1. Are hospices evaluated and regulated by the government?
Yes, all hospice services (including home care, day care and in-patient care) are licensed under the Private Hospitals and Medical Clinics Act 1980, Chapter 248. The Ministry of Health also audits the services that it subsidizes.
2. Do hospices make death come sooner?
Hospice and palliative care, according to the World Health Organization’s 1990 definition, “neither hastens nor postpones death”. It focuses on maximizing quality of life and achieving the patient’s own goals in the time that remains.
3. How successful are the pain management techniques used in hospice and palliative care?
In over 90% of cases, cancer pain can be controlled using simple methods advocated by the World Health Organization. Sometimes, some pains are complex and require the involvement of a multidisciplinary team, which hospice services have access to. Apart from oral medications, other techniques involving injections to block nerves or delivery of pain medications by other routes may be involved. A change in lifestyle, physiotherapy, massage and acupuncture may also have a place.
4. Is hospice and palliative care available 24 hours?
Different hospice services have different operational hours. In-patient hospices have medical and nursing staff available around the clock. Hospice day care services operate only during normal working hours. Hospice home care services have staff covering calls at nights and on weekends and public holidays. These staff can give advice over the telephone and visit, if necessary, during an emergency.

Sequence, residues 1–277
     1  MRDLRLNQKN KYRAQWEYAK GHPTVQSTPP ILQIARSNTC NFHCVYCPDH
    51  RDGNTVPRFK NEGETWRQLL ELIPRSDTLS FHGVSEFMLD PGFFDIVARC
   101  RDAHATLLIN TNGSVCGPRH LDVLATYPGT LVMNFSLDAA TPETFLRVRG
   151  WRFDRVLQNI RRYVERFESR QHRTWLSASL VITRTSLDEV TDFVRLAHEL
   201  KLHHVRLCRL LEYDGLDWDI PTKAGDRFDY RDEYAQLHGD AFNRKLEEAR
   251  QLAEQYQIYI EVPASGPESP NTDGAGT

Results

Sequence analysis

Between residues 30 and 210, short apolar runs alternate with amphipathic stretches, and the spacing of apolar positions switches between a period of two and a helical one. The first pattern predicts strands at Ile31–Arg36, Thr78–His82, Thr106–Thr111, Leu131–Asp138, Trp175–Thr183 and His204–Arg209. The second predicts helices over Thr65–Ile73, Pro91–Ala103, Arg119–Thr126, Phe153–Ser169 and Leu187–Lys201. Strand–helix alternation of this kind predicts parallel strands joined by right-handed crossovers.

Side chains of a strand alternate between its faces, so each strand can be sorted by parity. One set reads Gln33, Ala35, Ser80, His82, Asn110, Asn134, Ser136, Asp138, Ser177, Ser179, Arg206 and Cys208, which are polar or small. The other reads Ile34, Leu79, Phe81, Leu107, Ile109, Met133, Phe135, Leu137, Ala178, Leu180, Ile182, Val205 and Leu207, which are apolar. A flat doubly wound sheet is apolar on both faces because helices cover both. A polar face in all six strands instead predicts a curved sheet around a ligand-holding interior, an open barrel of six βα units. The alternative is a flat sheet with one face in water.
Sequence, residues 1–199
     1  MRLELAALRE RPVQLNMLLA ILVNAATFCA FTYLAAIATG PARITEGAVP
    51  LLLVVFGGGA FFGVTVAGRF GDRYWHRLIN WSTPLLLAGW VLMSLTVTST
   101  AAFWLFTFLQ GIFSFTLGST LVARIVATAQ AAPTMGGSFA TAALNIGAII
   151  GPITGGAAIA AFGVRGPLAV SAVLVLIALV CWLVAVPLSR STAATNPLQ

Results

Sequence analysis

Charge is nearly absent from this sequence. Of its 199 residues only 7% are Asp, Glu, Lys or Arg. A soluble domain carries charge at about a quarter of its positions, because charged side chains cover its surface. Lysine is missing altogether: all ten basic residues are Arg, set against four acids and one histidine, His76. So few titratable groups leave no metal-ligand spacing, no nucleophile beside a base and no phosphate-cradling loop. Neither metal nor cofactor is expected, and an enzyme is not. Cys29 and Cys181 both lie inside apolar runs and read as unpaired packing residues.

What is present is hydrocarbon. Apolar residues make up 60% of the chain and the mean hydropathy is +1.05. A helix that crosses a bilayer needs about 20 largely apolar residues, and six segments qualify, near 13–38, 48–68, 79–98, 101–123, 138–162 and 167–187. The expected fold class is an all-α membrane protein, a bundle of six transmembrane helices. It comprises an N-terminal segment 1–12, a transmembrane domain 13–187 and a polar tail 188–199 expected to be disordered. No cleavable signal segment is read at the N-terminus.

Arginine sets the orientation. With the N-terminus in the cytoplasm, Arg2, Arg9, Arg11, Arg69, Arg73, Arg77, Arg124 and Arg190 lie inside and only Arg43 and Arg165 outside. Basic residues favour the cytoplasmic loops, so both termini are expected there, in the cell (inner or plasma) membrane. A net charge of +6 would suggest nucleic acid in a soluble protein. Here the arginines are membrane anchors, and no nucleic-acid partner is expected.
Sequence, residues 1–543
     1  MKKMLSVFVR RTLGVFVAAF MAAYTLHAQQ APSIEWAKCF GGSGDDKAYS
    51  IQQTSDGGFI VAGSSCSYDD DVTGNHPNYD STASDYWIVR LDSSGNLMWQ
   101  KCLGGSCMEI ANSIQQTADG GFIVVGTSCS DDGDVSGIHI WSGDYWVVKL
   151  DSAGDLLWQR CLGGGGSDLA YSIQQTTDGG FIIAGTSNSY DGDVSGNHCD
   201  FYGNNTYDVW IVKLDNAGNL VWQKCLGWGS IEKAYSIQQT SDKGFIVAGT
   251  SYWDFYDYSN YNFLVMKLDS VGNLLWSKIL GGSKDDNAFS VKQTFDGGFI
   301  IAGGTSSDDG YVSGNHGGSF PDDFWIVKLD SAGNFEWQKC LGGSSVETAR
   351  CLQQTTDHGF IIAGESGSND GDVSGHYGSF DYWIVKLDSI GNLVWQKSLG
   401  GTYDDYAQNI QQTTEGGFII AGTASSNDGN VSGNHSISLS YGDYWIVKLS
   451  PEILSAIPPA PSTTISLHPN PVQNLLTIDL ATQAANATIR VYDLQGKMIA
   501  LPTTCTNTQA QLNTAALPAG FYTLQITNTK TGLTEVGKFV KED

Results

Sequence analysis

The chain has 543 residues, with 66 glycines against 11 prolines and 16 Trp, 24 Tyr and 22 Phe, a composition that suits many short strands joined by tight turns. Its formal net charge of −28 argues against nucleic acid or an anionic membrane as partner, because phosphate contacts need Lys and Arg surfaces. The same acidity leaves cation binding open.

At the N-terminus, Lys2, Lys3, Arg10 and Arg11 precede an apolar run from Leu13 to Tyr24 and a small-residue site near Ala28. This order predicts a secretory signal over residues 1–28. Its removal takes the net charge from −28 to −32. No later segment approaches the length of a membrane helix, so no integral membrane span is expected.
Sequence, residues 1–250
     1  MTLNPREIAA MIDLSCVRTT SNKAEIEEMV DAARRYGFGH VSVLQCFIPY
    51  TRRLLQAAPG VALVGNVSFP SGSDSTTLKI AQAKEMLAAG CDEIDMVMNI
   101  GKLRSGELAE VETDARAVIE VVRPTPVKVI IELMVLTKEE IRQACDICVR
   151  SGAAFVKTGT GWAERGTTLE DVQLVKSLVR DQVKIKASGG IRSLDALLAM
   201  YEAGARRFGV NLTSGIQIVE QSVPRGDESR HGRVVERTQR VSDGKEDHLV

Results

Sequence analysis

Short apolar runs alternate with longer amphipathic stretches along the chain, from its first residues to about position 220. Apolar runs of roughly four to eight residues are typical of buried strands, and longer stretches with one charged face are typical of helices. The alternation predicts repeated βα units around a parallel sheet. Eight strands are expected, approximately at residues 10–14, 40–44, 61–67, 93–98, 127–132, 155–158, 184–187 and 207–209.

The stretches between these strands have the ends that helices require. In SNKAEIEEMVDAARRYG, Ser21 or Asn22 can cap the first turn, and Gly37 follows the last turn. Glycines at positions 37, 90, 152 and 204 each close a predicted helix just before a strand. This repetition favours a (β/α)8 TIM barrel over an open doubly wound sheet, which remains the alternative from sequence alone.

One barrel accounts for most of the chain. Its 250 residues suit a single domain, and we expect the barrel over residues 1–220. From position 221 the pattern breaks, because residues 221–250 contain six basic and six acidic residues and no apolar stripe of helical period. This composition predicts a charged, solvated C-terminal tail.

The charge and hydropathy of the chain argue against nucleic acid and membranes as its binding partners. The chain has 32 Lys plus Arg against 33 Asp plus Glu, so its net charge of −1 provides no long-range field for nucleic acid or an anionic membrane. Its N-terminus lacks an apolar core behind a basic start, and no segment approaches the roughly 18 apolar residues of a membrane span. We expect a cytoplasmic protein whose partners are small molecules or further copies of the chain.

For more information, please refer to Providers & Services in Singapore
5. What should we do if we are unhappy with the care provided by the hospice professionals?
You can speak to the person in charge of the professional team about what you find unsatisfactory, and explain your concerns and preferences. The hospice team will try their best to accommodate your requests within their resources.
6. What can I do as a hospice volunteer?
All the hospices are Voluntary Welfare Organisations (VWOs) which are run by management committees made up of volunteers. Hospices also rely on volunteers who may be required to deal with patients in advanced stages of diseases and their families, all of whom may be in a lot of emotional distress. Hence, volunteers with different skills and contributions (in management, finances, legal advice, human resource development and fund-raising) are always welcome.
7. How do I become a hospice volunteer?
If you wish to volunteer, please contact the Volunteer Coordinator of the respective hospice.